Using the present perfect to introduce life experiences

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In a recent post, I advised English language learners to focus on four tense aspects which are most commonly used in everyday speech. One of those aspects is the present perfect, which is used in a variety of situations. This time, I’d like to concentrate on the use of the present perfect to introduce life experiences. 

Personally, I don’t teach pointless tense aspects such as the future perfect continuous or the past perfect passive. I don’t believe I’ve ever used them in my life whilst having a conversation with someone. I certainly can’t imagine my students using them. Besides, such grammar points are more suitable for written English - not spoken English.

I’m only concerned with USEFUL grammar. That is, grammar that helps my students to detail what they’ve experienced and achieved in their lives. Well - there’s no better aspect than the present perfect to introduce life experiences and achievements.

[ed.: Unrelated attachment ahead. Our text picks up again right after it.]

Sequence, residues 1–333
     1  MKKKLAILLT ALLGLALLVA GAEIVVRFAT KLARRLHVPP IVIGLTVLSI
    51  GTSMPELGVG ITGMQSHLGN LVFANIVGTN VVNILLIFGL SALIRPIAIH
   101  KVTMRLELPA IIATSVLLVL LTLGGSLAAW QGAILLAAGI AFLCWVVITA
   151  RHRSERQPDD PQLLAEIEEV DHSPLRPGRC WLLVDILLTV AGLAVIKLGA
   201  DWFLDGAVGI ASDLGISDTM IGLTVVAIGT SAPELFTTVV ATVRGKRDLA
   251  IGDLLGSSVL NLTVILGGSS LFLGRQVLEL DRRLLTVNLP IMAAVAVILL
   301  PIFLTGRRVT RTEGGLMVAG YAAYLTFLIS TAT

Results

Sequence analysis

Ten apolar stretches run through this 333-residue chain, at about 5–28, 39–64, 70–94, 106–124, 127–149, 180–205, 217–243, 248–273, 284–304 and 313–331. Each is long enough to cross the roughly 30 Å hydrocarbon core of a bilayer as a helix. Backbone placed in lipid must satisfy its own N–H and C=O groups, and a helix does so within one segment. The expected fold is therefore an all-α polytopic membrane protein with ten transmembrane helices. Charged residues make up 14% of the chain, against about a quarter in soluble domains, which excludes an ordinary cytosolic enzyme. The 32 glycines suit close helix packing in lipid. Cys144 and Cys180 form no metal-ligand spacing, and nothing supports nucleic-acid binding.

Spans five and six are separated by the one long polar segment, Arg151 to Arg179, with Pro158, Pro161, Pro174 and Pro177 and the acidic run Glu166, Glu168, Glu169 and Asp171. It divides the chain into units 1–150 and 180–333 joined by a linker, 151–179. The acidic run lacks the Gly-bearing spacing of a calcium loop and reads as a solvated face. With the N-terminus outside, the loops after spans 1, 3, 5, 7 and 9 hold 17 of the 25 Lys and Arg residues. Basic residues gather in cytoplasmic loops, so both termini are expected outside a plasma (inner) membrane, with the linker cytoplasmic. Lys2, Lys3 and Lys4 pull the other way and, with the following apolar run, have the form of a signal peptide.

The present perfect aspect is formed by using ‘have’ / ‘has’ + the past participle. The past participle is the form of the verb used in forming perfect and passive tenses. It’s often referred to as the third form. This is because every verb has an infinitive form (watch), a past tense (watched) and a past participle - the third form (watched). 

For the majority of verbs, the past tense and the participle forms of the verb are the same. Moreover, verbs in the past participle form usually end in the letters -ed. Take a look at this table:

verb forms - past participle

There are also quite a few irregular verbs. This means that the past tense forms and the participle forms aren’t the same. Feast your eyes on this table:

verb forms

Let’s create some sentences to put all this theory into action. Remember that it is perfectly natural to use contractions when you speak English (“I’ve”, instead of “I have” and “He’s” instead of “he has”):